I am not opposed to the recent Disney trend of live-action re-imaginings of animated films, at least not in theory. There are many old Disney movies that can be and have been improved upon, such as Cinderella, Pete's Dragon, and The Jungle Book. The originals of the aforementioned films are rather mediocre, and so rejuvenating them through new technology and better storytelling was not only enjoyable but also laudable. [Other animated Disney movies that should be remade that would be amazing: Atlantis. Please!]
However, it's much more difficult when you start remaking original Disney films that were smashing successes, such as the 1991 Beauty and the Beast, which was nominated for Best Picture that year, or the 1992 Aladdin, which was the highest grossing film of all time until …
The Lion King.
I loved The Lion King. I still love The Lion King -- the original. And so, I wasn't happy when I found out that one of my top three favorite movies was next in line for the Disney live-action makeover treatment.
That being said, I admit to being pleasantly surprised by Bill Condon’s Beauty and the Beast (2017) remake, which added dimension to some of the characters who felt flat in the original: specifically, the Beast, LeFou, Maurice, and Gaston. We came to know the Beast’s personality and backstory little more, LeFou wasn’t pure slapstick and Maurice was more than a bumbling idiot, and Gaston was truly malevolent. The new songs were well written, and the animation was gorgeous. It wasn’t a perfect movie, but it filled out some of the missing pieces of the original and I have found I still enjoy it after several viewings.
However, The Lion King is a greater movie than Beauty and the Beast. The music is amazing. The animation is breathtaking, both the landscapes and the poignant expressiveness of the animated characters. The storytelling is tight -- you can almost conduct the dialogue, the music, and the cinematography as it flows seamlessly from the savannah to the jungle to the perilous gorge. The emotional journey cuts right to the quick of the need for the individual to nobly shoulder their responsibilities in spite of wickedness and tragedy, in contrast to the bitter resentment of Scar and the hyenas, or the nihilistic "Hakuna Matata" lifestyle of Pumba and Timon which, while catchy, leads to boredom, emptiness, and despair.
In short, it would be extremely difficult to find things in the original that could be improved upon, unless the film chose to go in a different direction that did NOT include a shot-for-shot, line-for-line homage to the original. However, Disney chose to do the latter.
The live-action Lion King taught me three things about the original film:
1. Realism in this case meant sacrificing the emotional impact. The anthropomorphic expressivity of the animated characters is a significant component to the emotional drive of the original story: Baby Simba’s adorable pouting, his large yellow eyes welling up with tears, Scar’s menacing sneer, Mufasa’s noble brows, Rafiki’s maniacal jests – all of these are lost to realism. As I was watching the live-action version this past weekend, many of the lines which were supposed to pack a punch felt flat because of the lack of emotion in the “live-action” characters’ facial expressions.
|The Lion King, 2019.|
2. Timing is everything. A friend of mine and a fellow musician once told me that a good movie should feel like you are conducting an orchestra. There are natural cadences, moments were the action and the music surge forward and then pull back.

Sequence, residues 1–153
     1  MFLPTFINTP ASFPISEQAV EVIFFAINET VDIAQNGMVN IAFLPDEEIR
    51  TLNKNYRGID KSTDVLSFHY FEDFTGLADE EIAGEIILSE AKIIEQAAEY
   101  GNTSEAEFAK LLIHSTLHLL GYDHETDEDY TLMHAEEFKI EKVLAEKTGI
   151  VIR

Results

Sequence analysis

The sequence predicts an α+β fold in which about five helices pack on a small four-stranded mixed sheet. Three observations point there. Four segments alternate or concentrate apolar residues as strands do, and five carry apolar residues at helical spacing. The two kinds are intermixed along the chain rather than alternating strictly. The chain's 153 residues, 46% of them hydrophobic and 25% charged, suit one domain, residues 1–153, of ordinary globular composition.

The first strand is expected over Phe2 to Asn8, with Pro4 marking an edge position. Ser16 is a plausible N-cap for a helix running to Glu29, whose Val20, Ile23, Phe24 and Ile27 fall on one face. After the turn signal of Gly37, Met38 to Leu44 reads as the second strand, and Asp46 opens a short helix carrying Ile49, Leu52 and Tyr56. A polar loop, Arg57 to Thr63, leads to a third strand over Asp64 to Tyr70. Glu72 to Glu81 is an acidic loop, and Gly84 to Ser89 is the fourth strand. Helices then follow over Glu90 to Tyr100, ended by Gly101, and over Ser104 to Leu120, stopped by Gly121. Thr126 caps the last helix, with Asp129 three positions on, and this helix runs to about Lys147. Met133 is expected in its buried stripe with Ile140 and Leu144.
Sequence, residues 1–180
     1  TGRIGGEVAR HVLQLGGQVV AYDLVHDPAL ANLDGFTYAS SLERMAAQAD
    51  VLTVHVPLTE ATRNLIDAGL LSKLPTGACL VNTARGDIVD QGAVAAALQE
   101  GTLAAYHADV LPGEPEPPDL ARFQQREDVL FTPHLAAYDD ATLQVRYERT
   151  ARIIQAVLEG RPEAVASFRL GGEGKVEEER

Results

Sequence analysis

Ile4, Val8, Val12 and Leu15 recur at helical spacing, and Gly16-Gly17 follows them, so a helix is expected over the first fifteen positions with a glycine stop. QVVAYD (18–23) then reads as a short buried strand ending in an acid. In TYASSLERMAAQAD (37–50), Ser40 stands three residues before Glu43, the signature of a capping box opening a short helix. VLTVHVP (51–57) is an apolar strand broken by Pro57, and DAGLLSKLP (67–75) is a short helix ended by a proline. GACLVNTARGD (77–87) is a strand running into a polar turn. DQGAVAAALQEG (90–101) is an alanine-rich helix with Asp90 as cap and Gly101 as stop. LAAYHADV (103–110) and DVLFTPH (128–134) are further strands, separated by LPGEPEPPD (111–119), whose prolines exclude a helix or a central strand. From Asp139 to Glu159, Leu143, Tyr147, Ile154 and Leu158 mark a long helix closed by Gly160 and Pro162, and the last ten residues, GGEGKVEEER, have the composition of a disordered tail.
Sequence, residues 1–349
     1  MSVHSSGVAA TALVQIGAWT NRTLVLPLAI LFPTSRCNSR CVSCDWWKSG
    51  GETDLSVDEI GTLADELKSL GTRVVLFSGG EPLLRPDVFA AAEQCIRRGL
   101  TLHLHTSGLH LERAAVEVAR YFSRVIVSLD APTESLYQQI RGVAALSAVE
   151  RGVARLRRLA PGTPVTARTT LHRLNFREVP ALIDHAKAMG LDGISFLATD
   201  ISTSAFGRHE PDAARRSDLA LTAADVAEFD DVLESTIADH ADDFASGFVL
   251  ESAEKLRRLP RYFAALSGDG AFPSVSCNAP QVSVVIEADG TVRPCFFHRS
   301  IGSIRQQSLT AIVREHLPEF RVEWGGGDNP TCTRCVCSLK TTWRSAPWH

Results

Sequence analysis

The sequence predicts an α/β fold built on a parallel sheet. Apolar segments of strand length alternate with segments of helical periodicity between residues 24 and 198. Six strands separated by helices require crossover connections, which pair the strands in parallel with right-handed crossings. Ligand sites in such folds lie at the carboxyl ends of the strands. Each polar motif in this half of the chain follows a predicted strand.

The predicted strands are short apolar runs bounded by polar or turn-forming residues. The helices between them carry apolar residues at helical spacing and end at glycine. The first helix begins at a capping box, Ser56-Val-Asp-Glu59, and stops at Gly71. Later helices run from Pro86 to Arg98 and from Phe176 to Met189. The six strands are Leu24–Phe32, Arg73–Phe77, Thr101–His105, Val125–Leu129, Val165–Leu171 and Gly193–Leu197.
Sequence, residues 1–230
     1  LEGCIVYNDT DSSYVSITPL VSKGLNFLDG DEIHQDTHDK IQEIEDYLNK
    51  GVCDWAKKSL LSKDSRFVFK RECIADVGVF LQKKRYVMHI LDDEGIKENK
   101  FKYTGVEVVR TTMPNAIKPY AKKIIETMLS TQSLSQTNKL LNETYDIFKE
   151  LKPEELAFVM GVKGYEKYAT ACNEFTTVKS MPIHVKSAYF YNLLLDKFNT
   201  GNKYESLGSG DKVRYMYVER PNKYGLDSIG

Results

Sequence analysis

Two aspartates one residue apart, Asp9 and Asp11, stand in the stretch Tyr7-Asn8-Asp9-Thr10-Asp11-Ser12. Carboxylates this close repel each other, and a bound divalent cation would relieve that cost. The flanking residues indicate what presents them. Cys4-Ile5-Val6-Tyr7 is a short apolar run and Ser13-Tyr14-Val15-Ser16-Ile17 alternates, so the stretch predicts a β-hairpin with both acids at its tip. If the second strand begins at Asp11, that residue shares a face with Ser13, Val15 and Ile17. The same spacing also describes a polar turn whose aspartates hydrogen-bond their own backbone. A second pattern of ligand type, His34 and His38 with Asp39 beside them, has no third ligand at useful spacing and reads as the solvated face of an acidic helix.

This is harder to describe in words, but as a musician I felt as though the timing felt off for many of the lines and even the pacing of some of the scenes. Perhaps this wouldn’t have been as noticeable if we weren’t comparing it to the original film even if only in our subconscious. But here we find ourselves.
|The Lion King, 1994.|
3. The live-action film adaptation had to narrow its scope, especially during the musical numbers. Delightful sequences from “I Just Can’t Wait To Be King” lose some their charm as the vivid background patterns (inspired by African color palates and designs) are omitted because of the naturalistic look. Similarly, time lapse sequences from “Hakuna Matata” where the characters meander through the jungle, jumping into lagoons and sauntering across giant water falls in the moonlight are reduced to three realistic animals trotting through the jungle and singing, which is acceptable but nowhere near as imaginative or exciting.
Very often in new technological advances, there is something that must be sacrificed for the sake of these new developments. One good artistic example of this can be found in the development of violin strings. Originally made entirely of sheep/lamb gut (termed “catgut”), gradually metal and gut were combined, and then gut was supplanted by metal altogether in the early 20th century. While metal strings were more durable and produced a louder sound, they cannot achieve the same colors and tonal qualities of gut strings, making the latter more desirable to students and performers of earlier styles of music such as J.S. Bach. Similarly, the realism of the new adaptation of The Lion King sacrifices the emotional journey and the imaginative scope of the original for realism.
During my freshman year of college, my English Professor told us a story about a parent who, upon the death of the family dog, had the animal stuffed by a taxidermist to comfort his distraught child. Naturally, the experiment was rejected because certain things cannot be manufactured in a lab or a studio: relationship, love, nostalgia. Similarly, Disney’s live-action Lion King is the stuffed version of your pet dog that you never wanted in the first place. The movie may be interesting for the first fifteen minutes, but the viewer quickly realizes that the heart is missing and becomes bored.